11. 11. requirement that no single investor owns more than 10 percent of REIT shares deters blockholderformation. In conjunction, these regulations make managers less vulnerable to the discipline ofthe takeover market, and render the board weak. Weak monitoring allows opportunisticmanagers to reveal less information. Under this scenario, REITs would be expected to avoidequity issues and prefer funding investment from retained earnings first, then sell debt if morecapital is needed. A more complex form of pecking order, Myers (1984) notes, states that firmswith generous reserves of cash may avoid issuing debt to preserve debt capacity for future capitalneeds, implying a negative long-term relation between leverage and market to book value ratio.REITs, however, are not expected to have big accumulation of cash and retained capital becauseof the payout requirement, which implies that they have to resort to debt financing more often.Thus, the pecking order theory predicts a long term positive relation between leverage and marketto book ratio. Why would REITs issue equity despite the potential for high adverse selection costs?One reason, Baker and Wurgler (2003) assert, is that adverse selection costs vary over time andacross firms, and managers take advantage of these opportunities to favorably time equity issues.Opportunities for timing equity sales also arise as irrational investors periodically bid up shareprices to abnormally high levels. Because of the reasons narrated above, the opportunities of lowadverse selection costs may be relatively infrequent for REITs. Under this premise, the markettiming theory prediction of a long-term negative (positive) relation between market to book valueratio and leverage (equity issues) is questionable for REITs. The theories and hypotheses are summarized in table 1. Trade off theory predicts a lowlong term target debt ratio. The simple pecking order theory implies a positive relation betweendebt ratio and market value to book value ratio. The complex pecking order theory whichimplies a negative relation between market to book ratio and leverage for cash rich firms may nothold for REITs. The market timing theory predicts a negative relation between market value tobook value ratio and leverage and requires opportunities when adverse selection costs are low, aless likely event for REITs.B. Empirical Evidence The first attempt to analyze capital structure of REITs from the perspective of valuationwas made by Howe and Shilling (1988) who state that, under the trade off theory, as a non-tax-paying enterprise, the tax gain to corporate borrowing is strictly negative for REITs, such that anegative reaction to debt issues is predicted. A negative reaction is consistent also with the 10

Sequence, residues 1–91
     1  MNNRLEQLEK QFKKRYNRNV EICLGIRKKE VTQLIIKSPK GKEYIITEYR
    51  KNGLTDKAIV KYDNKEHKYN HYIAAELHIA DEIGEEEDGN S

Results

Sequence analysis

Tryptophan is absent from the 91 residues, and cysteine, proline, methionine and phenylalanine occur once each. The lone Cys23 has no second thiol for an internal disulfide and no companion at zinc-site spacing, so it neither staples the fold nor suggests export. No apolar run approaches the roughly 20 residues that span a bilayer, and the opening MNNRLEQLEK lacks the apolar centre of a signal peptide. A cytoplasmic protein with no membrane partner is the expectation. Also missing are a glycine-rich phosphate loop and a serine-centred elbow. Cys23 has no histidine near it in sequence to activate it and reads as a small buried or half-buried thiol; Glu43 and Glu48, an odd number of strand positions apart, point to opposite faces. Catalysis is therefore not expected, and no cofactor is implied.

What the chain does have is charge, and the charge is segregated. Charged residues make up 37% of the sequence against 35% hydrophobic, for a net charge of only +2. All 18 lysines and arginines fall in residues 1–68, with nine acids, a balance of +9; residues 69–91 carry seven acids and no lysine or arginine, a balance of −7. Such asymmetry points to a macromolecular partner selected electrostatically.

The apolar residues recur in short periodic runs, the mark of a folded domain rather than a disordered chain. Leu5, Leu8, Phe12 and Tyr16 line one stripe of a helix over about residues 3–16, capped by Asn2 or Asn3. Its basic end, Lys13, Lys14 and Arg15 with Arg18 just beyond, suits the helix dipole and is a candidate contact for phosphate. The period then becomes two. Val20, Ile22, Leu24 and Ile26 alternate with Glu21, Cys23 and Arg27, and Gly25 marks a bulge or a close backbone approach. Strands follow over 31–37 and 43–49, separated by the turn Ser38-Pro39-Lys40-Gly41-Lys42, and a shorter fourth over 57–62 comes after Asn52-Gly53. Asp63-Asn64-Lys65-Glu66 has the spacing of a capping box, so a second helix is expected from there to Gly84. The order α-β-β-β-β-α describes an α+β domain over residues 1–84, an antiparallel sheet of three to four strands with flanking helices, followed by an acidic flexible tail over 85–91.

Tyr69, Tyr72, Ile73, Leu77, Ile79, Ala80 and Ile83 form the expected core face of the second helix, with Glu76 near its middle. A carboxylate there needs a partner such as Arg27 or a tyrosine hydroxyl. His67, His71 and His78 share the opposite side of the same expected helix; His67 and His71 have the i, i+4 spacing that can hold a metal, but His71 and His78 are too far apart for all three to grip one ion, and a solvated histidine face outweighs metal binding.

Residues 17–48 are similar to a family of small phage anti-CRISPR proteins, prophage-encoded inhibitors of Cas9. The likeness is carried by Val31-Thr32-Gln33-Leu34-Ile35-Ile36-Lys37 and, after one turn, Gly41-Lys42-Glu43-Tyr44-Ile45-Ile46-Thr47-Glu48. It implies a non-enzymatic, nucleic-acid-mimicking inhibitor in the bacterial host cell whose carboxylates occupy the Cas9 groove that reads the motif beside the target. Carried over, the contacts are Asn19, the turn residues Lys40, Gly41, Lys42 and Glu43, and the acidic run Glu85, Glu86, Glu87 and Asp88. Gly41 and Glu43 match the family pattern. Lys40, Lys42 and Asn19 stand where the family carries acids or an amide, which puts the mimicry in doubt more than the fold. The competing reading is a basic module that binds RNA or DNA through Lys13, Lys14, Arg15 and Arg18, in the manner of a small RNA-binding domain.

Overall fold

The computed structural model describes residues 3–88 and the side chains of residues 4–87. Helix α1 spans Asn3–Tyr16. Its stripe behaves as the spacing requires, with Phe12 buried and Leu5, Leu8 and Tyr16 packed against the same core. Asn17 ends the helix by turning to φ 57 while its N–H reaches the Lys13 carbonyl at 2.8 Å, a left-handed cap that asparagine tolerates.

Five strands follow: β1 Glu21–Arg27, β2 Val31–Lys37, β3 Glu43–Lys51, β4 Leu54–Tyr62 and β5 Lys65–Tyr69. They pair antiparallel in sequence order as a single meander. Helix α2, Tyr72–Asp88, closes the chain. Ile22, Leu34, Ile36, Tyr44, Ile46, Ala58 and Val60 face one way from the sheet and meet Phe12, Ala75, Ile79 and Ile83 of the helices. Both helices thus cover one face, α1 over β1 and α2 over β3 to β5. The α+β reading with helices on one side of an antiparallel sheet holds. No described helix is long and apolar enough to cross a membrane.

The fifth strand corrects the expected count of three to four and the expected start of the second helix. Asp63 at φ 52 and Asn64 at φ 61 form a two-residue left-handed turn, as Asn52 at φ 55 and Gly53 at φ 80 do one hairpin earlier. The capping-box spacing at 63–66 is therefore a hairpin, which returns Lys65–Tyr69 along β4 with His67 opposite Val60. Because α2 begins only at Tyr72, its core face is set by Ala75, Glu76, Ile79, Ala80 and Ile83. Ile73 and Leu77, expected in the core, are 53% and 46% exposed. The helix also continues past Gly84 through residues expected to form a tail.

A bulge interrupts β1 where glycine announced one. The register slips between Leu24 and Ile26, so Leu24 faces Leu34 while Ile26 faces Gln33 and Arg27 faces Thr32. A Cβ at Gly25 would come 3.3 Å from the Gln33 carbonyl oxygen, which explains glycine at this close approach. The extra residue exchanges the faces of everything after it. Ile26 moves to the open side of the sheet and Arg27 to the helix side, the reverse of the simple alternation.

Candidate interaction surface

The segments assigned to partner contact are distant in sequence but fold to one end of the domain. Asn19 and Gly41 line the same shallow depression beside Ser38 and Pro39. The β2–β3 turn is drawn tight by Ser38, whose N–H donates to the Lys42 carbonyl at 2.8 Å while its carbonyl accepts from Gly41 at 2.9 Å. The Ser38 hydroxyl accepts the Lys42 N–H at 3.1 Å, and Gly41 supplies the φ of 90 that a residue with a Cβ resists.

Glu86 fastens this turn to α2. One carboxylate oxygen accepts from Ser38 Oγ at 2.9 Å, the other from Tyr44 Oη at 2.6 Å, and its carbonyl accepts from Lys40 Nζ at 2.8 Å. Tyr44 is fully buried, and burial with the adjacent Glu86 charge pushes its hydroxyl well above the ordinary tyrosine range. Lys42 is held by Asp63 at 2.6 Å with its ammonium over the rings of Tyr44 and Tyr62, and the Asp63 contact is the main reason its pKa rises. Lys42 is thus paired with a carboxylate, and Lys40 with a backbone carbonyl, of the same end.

12. 12. pecking order implication that issuing a security constitutes a negative signal that it is overvalued,and the implied-cash-flow change hypothesis [Smith (1986)] which states that unexpectedsecurity offerings suggest that operating cash flows are lower than expected. A positive reactionto debt sales follows only from Ross’s (1977) assertion that debt issues convey the favorableinformation that future earnings will be sufficiently large to support the mandatory interestpayments. Extant literature [Mikkelson and Partch (1986), and Eckbo (1986)] documents non-positive to significantly negative reaction to debt offerings. Contrary to these studies, Howe andShilling (1988) find a significant positive reaction, which they interpret as weak support forRoss’s signaling hypothesis. In an important and comprehensive piece, Brown and Riddiough (2003) study the publicofferings by equity REITs between September 1993 and March 1998, and identify numerouspatterns in the issuance behavior. While the scope of the research seems limited to identifyingsome stylized facts about REIT capital structure, certain results have bearing on our analyses. Asignificant finding is that maturity of public REIT debt is positively related to offer spread. Theauthors point out that if credit market participants assess that REITs issue debt when they areaggressively leveraged, and if they anticipate that REIT balance sheets will strengthen in thefuture, then credit spreads should decline with maturity. On the other hand, if REITs issue publicdebt at long-term target leverage ratios, then credit spreads are predicted to increase withmaturity. The evidence therefore suggests the existence of a long-term target debt ratio. Two, the authors report that majority of the firms are clustered just above the investment-grade rating, and REITs that issue public debt are debt capital constrained. While this result alsosuggests a target long-run debt ratio, an alternative explanation – consistent with pecking ordertheory -- is that as long as REITs can attain minimum investment-grade credit rating, they preferto issue debt instead of equity to boost their credit ratings. Further, a significant number ofREITs that issue equity are highly leveraged and remain so subsequently. Apparently, firms issueequity only when bankruptcy threat looms large, and even at this juncture, they raise just enoughequity capital to mitigate the funding pressure. Finally, REITs with higher total assets andrevenues are more likely to issue debt, another indication that when bankruptcy risk is low,managers choose debt financing, just as pecking order prescribes. Also in conformity with thepecking order model, REITs largely fund investment with bank lines of credit and other sourcesof private debt. When these sources are exhausted, REITs access the public capital market anduse the issue proceeds to pay down credit lines in order to prepare for the next round of financing. Overall, Brown and Riddiough’s (2003) data suggest that despite no obvious taxadvantage, the standard deadweight costs of financial distress, and the pecking order and free 11